Guideline Review: Don’t Assume PAD will be Detected in GP Visits
- The presence of lower-leg peripheral arterial disease (PAD) greatly increases CV risk.
- Cardiologists should check for PAD in patients referred from primary care because it is a commonly missed diagnosis.
- Recently updated guidelines provide a thorough overview of the diagnosis and management of PAD.
The prevalence of peripheral arterial disease (PAD) is greater than that of HF or stroke (and comparable to the prevalence of MI), affecting approximately 8-12 million Americans. In people with lower-limb PAD, the risk of experiencing a major CV event (ie, MI, stroke, or vascular-related death) is about 5% per year. However, for individuals with critical limb ischemia and the lowest ankle brachial index (ABI), annual mortality soars to approximately 25%.
While intermittent claudication is the classic sign of PAD, in fact only 10-15% of people with PAD have the intermittent claudication; about 40% of PAD patients do not complain of leg pain at all, while the remaining 45-50% report a variety of leg symptoms other than classic claudication.
Is the prognosis better in asymptomatic patients? No. As Issam Moussa, MD, explained in a recent review of PAD guidelines presented at AHA 2011, the progression of the underlying PAD is identical whether or not the patient has leg symptoms.
This helps explain why patients referred from primary care should be checked for PAD in the cardiologist’s office. It’s a diagnosis often missed in general practice: In one analysis of data from Harvard’s PARTNERS program, fewer than 50% of patients with PAD were aware of their condition while physicians were aware of PAD in only 30% of their afflicted patients (Figure 1).1 So, the majority of patients with PAD are not being diagnosed at the primary care level.
Cardiologists are doing a better job, but a surprisingly large number of PAD patients are still being missed. Moussa and colleagues reviewed a total of 800 patients at high risk for PAD who were referred for coronary angiography but without prior diagnosis of PAD.2 Evaluation involved a medical history, a questionnaire to assess symptoms and functional status, and measurement of ABI. PAD was considered present if the ABI was 0.90 or less, which is based on guidelines.
In this study, the prevalence of previously unrecognized PAD was 15% (95% CI: 12.6-17.7) and was highest among patients >70 years of age (25.2%) and in women (23.3%).
Who’s at Risk?
- Age <50 years with diabetes, and one additional risk factor (eg, smoking, dyslipidemia, hypertension, or hyperhomocysteinemia)
- Age 50 to 69 years and history of smoking or diabetes
- Age 70 years and older
- Leg symptoms with exertion (suggestive of claudication) or ischemic rest pain
- Abnormal lower extremity pulse examination
- Known atherosclerotic coronary, carotid, or renal artery disease
The risk factors for atherosclerosis-related PAD are similar but not identical to those risk factors related to atherosclerosis in general (Figure 2). This is especially true in terms of the predictive strength of individual risk factors compared to those for CHD. Diabetes and cigarette smoking are stronger risk factors for PAD than for CHD.
Indeed, smoking is the single most important modifiable risk factor for developing PAD. Smoking facilitates the progression of PAD, reduces the durability of revascularization procedures, increases the rate of limb amputation, and adversely impacts mortality. However, aggressive management of all CV risk factors is critical in the patient with PAD to not only prevent peripheral disease progression, but also to prevent major CV events, such as MI or stroke.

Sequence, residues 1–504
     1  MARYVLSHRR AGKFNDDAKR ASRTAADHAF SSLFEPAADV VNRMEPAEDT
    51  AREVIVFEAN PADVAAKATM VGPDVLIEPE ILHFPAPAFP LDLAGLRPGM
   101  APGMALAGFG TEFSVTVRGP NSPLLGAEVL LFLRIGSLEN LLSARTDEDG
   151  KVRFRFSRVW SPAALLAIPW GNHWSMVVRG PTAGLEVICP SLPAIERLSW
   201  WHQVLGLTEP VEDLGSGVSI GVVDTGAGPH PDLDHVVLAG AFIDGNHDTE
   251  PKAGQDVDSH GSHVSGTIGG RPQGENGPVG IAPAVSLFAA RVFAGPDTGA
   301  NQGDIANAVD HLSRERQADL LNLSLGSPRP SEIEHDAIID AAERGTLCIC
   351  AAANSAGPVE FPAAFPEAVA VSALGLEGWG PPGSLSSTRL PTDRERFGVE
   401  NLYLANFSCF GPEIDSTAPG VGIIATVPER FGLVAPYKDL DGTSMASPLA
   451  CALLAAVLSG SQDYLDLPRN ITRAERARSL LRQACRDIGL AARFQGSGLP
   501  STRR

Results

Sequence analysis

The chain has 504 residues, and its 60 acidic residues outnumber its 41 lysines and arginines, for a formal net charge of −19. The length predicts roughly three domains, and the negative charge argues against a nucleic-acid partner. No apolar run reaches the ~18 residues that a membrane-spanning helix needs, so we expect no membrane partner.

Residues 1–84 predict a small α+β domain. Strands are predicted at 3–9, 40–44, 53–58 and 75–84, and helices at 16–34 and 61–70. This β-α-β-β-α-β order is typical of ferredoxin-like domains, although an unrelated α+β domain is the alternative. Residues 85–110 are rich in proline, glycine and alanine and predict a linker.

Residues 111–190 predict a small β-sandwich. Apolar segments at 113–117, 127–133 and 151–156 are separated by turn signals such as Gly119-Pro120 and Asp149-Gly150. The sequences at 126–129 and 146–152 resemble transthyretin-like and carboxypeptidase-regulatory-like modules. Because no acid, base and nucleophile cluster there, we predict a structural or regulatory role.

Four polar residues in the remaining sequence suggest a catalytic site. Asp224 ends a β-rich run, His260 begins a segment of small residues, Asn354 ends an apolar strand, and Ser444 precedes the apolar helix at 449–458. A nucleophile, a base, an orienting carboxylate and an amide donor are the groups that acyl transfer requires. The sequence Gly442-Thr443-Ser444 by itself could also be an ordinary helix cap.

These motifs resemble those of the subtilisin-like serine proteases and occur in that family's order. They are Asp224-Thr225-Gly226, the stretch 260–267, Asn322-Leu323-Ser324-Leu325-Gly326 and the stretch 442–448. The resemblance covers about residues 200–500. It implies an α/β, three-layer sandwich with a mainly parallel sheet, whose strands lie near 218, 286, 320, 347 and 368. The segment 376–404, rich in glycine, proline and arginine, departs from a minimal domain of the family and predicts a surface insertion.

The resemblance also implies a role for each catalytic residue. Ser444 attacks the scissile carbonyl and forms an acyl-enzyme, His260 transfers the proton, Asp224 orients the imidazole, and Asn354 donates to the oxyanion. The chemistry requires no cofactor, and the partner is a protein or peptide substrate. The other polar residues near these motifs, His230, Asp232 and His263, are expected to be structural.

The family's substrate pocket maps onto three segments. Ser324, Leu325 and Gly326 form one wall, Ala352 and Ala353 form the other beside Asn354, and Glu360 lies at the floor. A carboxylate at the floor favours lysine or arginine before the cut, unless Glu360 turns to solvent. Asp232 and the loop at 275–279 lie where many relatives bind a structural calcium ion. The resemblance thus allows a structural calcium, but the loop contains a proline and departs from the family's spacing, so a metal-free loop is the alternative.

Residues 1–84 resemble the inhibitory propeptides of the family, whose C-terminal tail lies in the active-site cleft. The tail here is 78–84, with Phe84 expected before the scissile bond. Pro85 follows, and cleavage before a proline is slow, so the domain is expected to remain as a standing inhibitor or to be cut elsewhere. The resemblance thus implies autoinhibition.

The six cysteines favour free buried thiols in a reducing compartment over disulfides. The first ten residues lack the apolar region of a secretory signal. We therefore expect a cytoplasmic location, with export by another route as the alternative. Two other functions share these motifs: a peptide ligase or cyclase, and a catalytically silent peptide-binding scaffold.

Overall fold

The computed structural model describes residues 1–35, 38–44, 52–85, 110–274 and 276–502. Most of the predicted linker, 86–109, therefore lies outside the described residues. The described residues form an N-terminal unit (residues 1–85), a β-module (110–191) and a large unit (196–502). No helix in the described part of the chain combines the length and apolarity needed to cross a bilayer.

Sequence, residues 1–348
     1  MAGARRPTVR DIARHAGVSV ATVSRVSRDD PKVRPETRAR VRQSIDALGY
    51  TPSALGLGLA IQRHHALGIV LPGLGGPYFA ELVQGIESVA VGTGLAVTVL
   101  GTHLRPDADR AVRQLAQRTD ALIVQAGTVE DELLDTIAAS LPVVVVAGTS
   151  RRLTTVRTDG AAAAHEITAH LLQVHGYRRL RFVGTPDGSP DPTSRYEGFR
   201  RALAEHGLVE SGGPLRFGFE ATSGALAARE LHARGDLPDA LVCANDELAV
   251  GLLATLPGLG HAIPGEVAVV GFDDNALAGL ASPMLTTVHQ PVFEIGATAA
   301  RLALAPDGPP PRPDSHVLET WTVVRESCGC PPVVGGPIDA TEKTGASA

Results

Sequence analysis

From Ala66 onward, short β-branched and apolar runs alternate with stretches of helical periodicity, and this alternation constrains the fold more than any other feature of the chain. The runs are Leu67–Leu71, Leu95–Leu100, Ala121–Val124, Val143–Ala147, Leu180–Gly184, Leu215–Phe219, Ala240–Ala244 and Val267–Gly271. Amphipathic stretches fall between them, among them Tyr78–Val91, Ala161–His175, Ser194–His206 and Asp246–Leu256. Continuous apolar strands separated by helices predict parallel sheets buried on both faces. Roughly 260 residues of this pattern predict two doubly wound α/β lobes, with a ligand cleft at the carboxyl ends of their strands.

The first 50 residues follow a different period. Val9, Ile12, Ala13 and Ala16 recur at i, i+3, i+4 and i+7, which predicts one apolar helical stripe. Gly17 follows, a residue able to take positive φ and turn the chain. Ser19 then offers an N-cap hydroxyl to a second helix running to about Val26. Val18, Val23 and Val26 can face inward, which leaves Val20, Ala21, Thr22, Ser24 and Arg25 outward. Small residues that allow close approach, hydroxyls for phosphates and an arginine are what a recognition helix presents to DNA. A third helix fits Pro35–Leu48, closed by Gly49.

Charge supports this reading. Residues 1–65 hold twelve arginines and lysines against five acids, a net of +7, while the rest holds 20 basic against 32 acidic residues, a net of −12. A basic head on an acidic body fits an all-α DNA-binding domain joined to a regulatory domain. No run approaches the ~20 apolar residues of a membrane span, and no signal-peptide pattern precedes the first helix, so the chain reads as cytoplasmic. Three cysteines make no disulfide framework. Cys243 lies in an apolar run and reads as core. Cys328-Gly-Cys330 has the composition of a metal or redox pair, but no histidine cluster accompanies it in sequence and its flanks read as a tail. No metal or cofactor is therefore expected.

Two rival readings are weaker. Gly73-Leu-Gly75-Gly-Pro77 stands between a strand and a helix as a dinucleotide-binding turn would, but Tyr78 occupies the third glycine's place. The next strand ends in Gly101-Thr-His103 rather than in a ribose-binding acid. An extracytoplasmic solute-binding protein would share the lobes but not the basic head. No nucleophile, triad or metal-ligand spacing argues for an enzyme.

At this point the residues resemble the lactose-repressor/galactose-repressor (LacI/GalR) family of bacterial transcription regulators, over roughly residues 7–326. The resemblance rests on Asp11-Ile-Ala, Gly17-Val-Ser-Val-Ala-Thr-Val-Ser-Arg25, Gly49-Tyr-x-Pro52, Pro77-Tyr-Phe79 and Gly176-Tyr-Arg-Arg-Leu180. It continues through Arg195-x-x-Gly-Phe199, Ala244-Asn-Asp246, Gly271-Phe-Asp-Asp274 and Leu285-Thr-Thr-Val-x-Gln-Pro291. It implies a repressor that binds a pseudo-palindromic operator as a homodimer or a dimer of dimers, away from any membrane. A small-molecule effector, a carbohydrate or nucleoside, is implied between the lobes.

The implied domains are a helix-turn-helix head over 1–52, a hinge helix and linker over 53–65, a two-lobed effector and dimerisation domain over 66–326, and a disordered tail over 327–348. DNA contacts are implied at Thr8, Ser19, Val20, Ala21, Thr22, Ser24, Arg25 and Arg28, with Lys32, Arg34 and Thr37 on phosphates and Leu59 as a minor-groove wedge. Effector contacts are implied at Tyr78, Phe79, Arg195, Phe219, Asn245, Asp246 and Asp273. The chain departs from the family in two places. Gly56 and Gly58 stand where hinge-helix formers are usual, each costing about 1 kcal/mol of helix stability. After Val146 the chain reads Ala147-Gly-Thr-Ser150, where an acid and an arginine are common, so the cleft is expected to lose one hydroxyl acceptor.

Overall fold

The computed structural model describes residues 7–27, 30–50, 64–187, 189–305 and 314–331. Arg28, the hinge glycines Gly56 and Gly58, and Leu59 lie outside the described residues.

The 2011 PAD guidelines focused update for managing PAD makes a variety of recommendations related to diagnostic methods and treatment elated to lower-limb PAD.
- ABI, toe-brachial index, and segmental pressure examination
- pulse volume recording
- noninvasive imaging studies (eg, duplex ultrasound, computed tomographic angiography, or magnetic resonance angiography) or digital subtraction angiography
- smoking cessation
- antiplatelet and antithrombotic therapy
- for critical limb ischemia: endovascular and open surgical treatment for limb salvage
General Principles of Management
for Patients with Intermittent Claudication
- risk factor modification (pharmacotherapy)
- supervised exercise training and symptom-directed pharmacotherapy (usually cilosazol 100 mg BID) Note: The guidelines state that the usefulness of unsupervised exercise programs is not well established as an effective initial treatment modality for patients with intermittent claudication.
- assess to determine need for revascularization
- surgical versus endovascular revascularization
Surgical Interventions are Indicated for Patients
with Symptoms of Claudication Who
- have significant functional disability that is vocational or lifestyle limiting
- are unresponsive to exercise or pharmacotherapy
- have a reasonable likelihood of symptomatic improvement
- Hirsch AT, Criqui MH, Treat-Jacobson D, et al. Peripheral arterial disease detection, awareness, and treatment in primary care. JAMA 2001;286:1317-24.
- Moussa ID, Jaff MR, Mehran R, et al. Prevalence and prediction of previously unrecognized peripheral arterial disease in patients with coronary artery disease: the Peripheral Arterial Disease in Interventional Patients Study Catheter Cardiovasc Interv 2009;73:719-24.
- Rooke TW, et al. 2011 ACCF/AHA Focused Update of the Guideline for the Management of Patients With Peripheral Artery Disease (updating the 2005 guideline): a report of the American College of Cardiology Foundation/American Heart Association Task Force on Practice Guidelines. J Am Coll Cardiol 2011;58:2020-45. http://content.onlinejacc.org/cgi/content/full/58/19/2020
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